The Heart of Worship

“Give yourselves to God ... surrender your whole being to him to be used for righteous purposes.”

Romans 6:13 (TEV)

The heart of worship is surrender. Surrender is an unpopular word, disliked almost as much as the word submission. It implies losing, and no one wants to be a loser. Surrender evokes the unpleasant images of admitting defeat in battle, forfeiting a game, or yielding to a stronger opponent. The word is almost always used in a negative context. Captured criminals surrender to the authorities. In our competitive world we’re taught to never quit trying, never giving up, and never giving in - so we don’t hear much about surrendering. If winning is everything, surrendering is unthinkable. Yet, the Bible teaches us that rather than trying to win, succeed, overcome, and conquer, we should instead yield, submit, obey, and surrender.

And by surrendering to God, we enter into the heart of worship. This is true worship: bringing pleasure to God as we give ourselves completely to him. Surrendering is best demonstrated in obedience, cooperating with your Creator. You say “Yes, Lord” to whatever he asks of you. In fact, “No, Lord” is a contradiction. You can’t claim Jesus as your Lord when you refuse to obey him. Peter modeled surrender when, after a night of failed fishing, Jesus told him to try again: “Master, we’ve worked hard all night and haven’t caught anything. But because you say so, I will let down the nets.” Surrendered people obey God’s word, even when it doesn’t make sense.

God is not a cruel slave driver or a bully who uses brute force to coerce us into submission. He doesn’t try to break our will, but woos us to himself, so that we might offer it freely to him. God is a lover and a liberator, and surrendering brings freedom, not bondage. When we completely surrender ourselves to Jesus, we discover that he is not a tyrant but a savior; not a boss, but a brother; not a dictator, but a friend. Surrender yourself to the Lord, and wait patiently for him. Psalm 37:7 (GWT)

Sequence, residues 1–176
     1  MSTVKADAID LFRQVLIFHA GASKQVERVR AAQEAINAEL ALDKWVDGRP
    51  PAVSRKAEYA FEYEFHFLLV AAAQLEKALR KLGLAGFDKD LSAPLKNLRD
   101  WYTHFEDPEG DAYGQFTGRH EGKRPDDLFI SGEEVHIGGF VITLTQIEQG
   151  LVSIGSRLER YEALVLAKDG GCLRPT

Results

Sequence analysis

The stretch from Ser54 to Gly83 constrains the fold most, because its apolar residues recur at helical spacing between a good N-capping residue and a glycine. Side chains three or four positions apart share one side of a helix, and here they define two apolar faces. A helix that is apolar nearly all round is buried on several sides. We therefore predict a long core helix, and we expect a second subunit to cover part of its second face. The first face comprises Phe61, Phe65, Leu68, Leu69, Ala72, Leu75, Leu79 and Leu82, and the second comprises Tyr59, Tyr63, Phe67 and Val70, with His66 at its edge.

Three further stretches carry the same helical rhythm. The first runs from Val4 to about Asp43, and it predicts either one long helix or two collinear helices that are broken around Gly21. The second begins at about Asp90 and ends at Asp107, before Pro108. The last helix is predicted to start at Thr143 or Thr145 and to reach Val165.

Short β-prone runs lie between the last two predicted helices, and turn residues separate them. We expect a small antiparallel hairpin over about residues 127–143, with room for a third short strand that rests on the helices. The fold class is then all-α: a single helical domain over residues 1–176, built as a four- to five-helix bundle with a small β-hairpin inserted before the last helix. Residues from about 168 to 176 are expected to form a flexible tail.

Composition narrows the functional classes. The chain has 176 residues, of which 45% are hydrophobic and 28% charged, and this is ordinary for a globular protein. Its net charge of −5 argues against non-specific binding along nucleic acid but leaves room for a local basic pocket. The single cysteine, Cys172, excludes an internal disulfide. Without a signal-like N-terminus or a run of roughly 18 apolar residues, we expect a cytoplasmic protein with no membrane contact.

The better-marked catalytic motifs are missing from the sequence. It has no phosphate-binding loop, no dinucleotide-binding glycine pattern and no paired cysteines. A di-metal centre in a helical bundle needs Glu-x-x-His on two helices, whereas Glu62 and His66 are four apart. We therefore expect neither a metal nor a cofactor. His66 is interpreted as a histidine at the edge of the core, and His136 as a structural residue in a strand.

Surrendering your life means: Following God’s lead without knowing where he’s sending you; Waiting for God’s timing without knowing when it will come; expecting a miracle without knowing how God will provide; Trusting God’s purpose without understanding the circumstances. You know you’re surrendered to God when you rely on God to work things out instead of trying to manipulate others, force your agenda, and control the situation. You let go and let God work. You don’t have to always be in charge. Instead of trying harder, you trust more. You also know you’re surrendered when you don’t react to criticism and rush to defend yourself.

Surrendered hearts show up best in relationships. You are not self-serving, you don’t edge others out, and you don’t demand your rights. The most difficult thing for many people to surrender is their money. The supreme example of self-surrender is Jesus. The night before his crucifixion Jesus surrendered himself to God’s plan. He prayed, “Father, everything is possible for you. Please take this cup of suffering away from me. Yet I want your will, not mine” (Mark 14:36 NLT). Jesus surrendered himself to God’s will. He prayed, “God, if it is in your best interest to remove this suffering, please do so. But if it fulfills your purpose, that’s what I want, too.”